Can a 17-year-old bioengineer living cells? Meet Samantha Marquez
When she was 3 years old, Marquez was fascinated by bugs and insects, and began peppering her father, Manuel, with questions about how some insects are capable of walking along the surface of water.
Marquez’s mother, Carolina, also nurtured the child’s curiosity on long walks in the woods, during which they’d discuss topics such as nature, religion or cooking.
“I found myself having conversations with Samantha that I never imagined having with such a small child,” she recalled. “It was a lot of fun being able to connect with her on that level.”
Perhaps it shouldn’t have been surprising, then, that at an age when many of her peers were more interested in the latest boy band or fashion trend, Samantha Marquez began connecting with a network of mentors in the local science community.
She was 12 years old and a seventh-grade student at Robious Middle when she launched a research project into human cells. That led to a series of high-level collaborations with scientists at Harvard, Texas A&M, Georgia Tech and Arizona State University.
Now 17 and a senior at Maggie L. Walker Governor’s School, Marquez was still in middle school when she developed the Celloidosome, a three-dimensional hollow structure composed of living cells.
Her research has focused on demonstrating the versatility of the Celloidosome in applications from liver repair and reconstruction to neural tissue transplantation. She holds multiple trademarks and is listed as co-inventor on seven patent applications.
Last year, she received the first place award in research at the International Space Olympics competition, held in Korolyov, Russia.
Earlier this year, she won her third consecutive first place award in Engineering: Materials and Bioengineering at the Intel International Science and Engineering Fair.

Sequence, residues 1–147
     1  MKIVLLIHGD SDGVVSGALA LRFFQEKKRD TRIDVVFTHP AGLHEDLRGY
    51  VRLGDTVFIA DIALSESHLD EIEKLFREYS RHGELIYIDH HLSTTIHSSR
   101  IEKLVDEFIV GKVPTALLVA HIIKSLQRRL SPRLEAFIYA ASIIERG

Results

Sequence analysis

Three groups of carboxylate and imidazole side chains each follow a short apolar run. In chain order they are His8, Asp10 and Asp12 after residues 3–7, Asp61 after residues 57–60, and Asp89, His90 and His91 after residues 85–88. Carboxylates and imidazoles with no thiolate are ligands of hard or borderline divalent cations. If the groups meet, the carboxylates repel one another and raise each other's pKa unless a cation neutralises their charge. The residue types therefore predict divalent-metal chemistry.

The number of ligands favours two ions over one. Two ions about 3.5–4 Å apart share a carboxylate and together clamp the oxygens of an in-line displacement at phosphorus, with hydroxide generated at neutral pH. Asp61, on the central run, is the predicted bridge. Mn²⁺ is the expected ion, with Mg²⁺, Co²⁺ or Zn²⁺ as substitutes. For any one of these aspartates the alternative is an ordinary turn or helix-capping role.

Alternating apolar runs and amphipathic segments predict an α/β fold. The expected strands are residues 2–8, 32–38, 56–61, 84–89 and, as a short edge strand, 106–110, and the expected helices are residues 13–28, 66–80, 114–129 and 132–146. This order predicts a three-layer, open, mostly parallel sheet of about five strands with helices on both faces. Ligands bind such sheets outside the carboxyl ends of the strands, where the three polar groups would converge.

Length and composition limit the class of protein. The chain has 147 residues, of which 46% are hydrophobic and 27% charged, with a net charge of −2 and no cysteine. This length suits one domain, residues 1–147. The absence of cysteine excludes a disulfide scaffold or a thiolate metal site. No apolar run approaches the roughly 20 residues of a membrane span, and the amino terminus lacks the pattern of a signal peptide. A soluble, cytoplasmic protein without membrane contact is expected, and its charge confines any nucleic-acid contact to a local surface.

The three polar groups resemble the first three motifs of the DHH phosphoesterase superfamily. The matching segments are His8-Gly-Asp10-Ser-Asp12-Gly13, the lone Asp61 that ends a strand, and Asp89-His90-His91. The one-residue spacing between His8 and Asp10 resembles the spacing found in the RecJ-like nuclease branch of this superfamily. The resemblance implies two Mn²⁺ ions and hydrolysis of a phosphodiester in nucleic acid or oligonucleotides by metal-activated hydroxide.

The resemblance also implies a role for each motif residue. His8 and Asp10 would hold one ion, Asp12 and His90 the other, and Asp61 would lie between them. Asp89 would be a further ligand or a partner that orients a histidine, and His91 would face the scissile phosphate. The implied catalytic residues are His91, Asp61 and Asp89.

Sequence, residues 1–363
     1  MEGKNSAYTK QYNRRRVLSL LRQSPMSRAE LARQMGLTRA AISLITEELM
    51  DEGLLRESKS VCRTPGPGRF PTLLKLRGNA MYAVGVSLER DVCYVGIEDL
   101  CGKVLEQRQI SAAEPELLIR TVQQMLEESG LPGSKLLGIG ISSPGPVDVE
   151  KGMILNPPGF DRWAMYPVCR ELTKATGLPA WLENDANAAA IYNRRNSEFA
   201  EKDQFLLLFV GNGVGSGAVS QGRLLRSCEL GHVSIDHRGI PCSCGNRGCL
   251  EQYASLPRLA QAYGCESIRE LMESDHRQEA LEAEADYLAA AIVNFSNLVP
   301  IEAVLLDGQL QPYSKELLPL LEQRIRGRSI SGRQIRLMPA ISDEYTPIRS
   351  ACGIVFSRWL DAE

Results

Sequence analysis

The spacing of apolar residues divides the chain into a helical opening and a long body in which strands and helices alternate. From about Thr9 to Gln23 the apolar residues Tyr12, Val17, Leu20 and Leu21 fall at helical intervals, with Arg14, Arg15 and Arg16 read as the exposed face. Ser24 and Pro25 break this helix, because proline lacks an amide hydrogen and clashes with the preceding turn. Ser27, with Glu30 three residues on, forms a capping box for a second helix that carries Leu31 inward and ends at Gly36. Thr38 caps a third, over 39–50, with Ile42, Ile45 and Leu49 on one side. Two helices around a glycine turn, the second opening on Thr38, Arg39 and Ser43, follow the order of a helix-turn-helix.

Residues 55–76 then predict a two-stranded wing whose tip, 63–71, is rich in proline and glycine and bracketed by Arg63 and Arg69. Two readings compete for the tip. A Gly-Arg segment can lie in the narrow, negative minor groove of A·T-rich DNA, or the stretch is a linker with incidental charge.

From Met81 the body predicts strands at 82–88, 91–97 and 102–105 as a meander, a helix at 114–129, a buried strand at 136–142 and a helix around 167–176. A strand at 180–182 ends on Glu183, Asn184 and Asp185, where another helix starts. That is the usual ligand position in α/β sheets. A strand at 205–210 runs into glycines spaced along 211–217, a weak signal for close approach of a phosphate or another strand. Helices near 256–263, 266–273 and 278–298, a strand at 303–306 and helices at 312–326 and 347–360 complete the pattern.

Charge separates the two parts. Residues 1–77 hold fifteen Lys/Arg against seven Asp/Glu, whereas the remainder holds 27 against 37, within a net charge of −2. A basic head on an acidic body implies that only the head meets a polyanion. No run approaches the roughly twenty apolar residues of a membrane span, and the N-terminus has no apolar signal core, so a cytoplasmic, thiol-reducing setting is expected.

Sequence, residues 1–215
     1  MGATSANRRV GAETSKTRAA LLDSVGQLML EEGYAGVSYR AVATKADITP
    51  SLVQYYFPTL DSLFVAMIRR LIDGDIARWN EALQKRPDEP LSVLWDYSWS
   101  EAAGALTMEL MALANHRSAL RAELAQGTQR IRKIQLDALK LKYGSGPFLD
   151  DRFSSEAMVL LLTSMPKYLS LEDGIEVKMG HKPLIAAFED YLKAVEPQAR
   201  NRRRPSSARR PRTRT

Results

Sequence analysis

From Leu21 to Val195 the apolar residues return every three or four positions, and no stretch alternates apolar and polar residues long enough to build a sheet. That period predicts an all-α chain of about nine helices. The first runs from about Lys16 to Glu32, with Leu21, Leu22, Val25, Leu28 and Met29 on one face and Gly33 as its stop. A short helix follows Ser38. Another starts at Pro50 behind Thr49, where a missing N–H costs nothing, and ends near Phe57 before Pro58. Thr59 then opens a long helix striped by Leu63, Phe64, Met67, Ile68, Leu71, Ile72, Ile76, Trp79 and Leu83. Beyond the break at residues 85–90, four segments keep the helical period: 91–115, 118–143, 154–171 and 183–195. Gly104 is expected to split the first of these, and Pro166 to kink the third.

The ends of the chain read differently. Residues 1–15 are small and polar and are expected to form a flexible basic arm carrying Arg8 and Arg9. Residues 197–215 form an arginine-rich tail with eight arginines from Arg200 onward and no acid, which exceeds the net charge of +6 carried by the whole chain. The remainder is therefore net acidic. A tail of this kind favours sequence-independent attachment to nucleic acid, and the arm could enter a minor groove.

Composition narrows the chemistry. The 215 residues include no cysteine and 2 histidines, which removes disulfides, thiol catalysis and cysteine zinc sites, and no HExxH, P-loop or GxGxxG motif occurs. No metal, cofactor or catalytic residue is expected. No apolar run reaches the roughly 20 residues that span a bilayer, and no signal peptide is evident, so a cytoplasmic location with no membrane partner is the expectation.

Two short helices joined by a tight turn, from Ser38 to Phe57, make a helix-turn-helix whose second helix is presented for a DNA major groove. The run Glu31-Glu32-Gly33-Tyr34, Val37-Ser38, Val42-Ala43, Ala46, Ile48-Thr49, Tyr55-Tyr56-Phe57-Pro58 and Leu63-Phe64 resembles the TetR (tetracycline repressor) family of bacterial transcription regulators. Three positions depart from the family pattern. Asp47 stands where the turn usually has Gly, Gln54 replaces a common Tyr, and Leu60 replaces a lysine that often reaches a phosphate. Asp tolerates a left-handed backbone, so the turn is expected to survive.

During a Sept. 28 ceremony in Washington, Marquez will receive her most prestigious honor yet. She’ll be recognized as one of two 2013 Davidson Fellow Laureates, an award that comes with a $50,000 college scholarship.
The Nevada-based Davidson Institute for Talent Development hosts an annual scholarship program for students (ages 18 and younger) who have created projects with the potential to benefit society in the fields of science, technology, engineering, mathematics, literature, philosophy and music.
Marquez, who was informed of her selection last month, described her reaction as “this kind of surreal, jumping up and down excitement.
“It was a very nice surprise,” she said. “Just having the opportunity to have these collaborations and do research has been incredible for me. I’ve been very lucky to have wonderful mentors. Winning was like the bonus question.”
Given Marquez’s interest in cells, it would be natural to suggest that her pursuit of a career in science was genetically preordained. Her father is a chemist. Her mother is a chemical engineer.
Not so, insisted Manuel Marquez.
He and his wife merely emphasized to both of their daughters – Samantha’s little sister, Michelle, is a freshman in the Math and Science High School at Clover Hill – the need to do their best in whatever field they choose.
“We’ve encouraged them to question, challenge, have their own opinion and stand up for what they believe,” he said. “We told them if they put all of their love and passion into it, they can go one step further than anybody.”
In addition to her research, Marquez has channeled her love for learning and exploration into varied pursuits that don’t have much, if anything, to do with science.
She’s certified as a scuba diver. She’s fluent in Spanish and is taking her third year of Mandarin Chinese. She also studies magic and illusions as a hobby.
But her greatest passion is for giving back to the community and serving as a role model for other aspiring scientists.
Marquez, the first Hispanic ever selected as a Davidson Fellow Laureate, also takes seriously the responsibility to help other girls shatter the stereotype that math and science fields should be reserved for boys.
She’s preparing to launch a program, “Raising Science to the Girl Power,” that will connect with other programs devoted to providing opportunities for girls in science.
“What I’m proudest of is what I’ve been able to do with the visibility that has come from my research – to go back into the community and help others,” Marquez said. “When you’re inspired by somebody, it’s up to you to become that inspiration for others.”